Vaccine Trial In Texas Needs Volunteers

Barbara Schwarz
July 08, 2020 - 5:35 am

    Researchers in Houston are looking for up to a thousand people willing to roll up their sleeves and get an experimental shot. 

    It's for a phase three COVID-19 trial, which Dr. Frederick Santiago with the Texas Center for Drug Development says means the vaccine has been deemed safe. He says this is not a traditional shot as it doesn't use a portion of the live or killed virus. "We use proteins that are normally present in the body and develop them along so they actually trigger your cells to make antibodies against the virus when it shows up.  There's no exposure to the virus."

    Would-be volunteers will be thoroughly screened and their blood will be drawn to ensure they don't have, or have never had COVID-19. Those accepted will either get the vaccine or a placebo and will go through a number of follow up appointments and blood draws, at first weekly, and then less frequently.

    The goal is to determine whether or not they still have the antibodies. Santiago says "We can tell by doing blood tests whether the immunity you've developed from an incidental exposure to the organism is actually effective, looking at how well the antibody inhibited it or neutralized it."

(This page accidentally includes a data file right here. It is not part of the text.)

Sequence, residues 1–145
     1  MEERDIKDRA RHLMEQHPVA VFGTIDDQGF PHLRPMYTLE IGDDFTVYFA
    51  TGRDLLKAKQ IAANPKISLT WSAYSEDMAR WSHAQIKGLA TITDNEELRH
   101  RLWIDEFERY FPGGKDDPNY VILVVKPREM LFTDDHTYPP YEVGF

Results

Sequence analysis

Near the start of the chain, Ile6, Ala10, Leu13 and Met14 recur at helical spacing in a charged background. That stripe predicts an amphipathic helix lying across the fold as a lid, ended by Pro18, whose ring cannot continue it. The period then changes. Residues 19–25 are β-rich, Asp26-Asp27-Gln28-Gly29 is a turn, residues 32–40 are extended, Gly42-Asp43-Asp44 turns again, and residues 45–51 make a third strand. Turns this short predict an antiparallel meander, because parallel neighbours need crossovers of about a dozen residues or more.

Some participants will get a placebo injection and some the real thing. The hope is that those who have been vaccinated will be protected. "Whether it actually slows up the length of time you have symptoms or in fact, where you may get a symptom, your chances of dying of it are less.  It's similar to the rest of the vaccines we have now."  The study will also determine how long antibodies last and if a booster shot would be needed.

    Collaborators include preeminent U.S. pharmaceutical companies and the NIH as part of Operation Warp Speed (OWS). OWS is a public-private partnership, initiated by the Federal Government of the United States, to facilitate and accelerate the development, manufacturing and distribution of COVID-19 vaccines, therapeutics, and diagnostics.

    It aims to deliver 300 million doses of a safe, effective vaccine for COVID-19 to Americans by January 2021.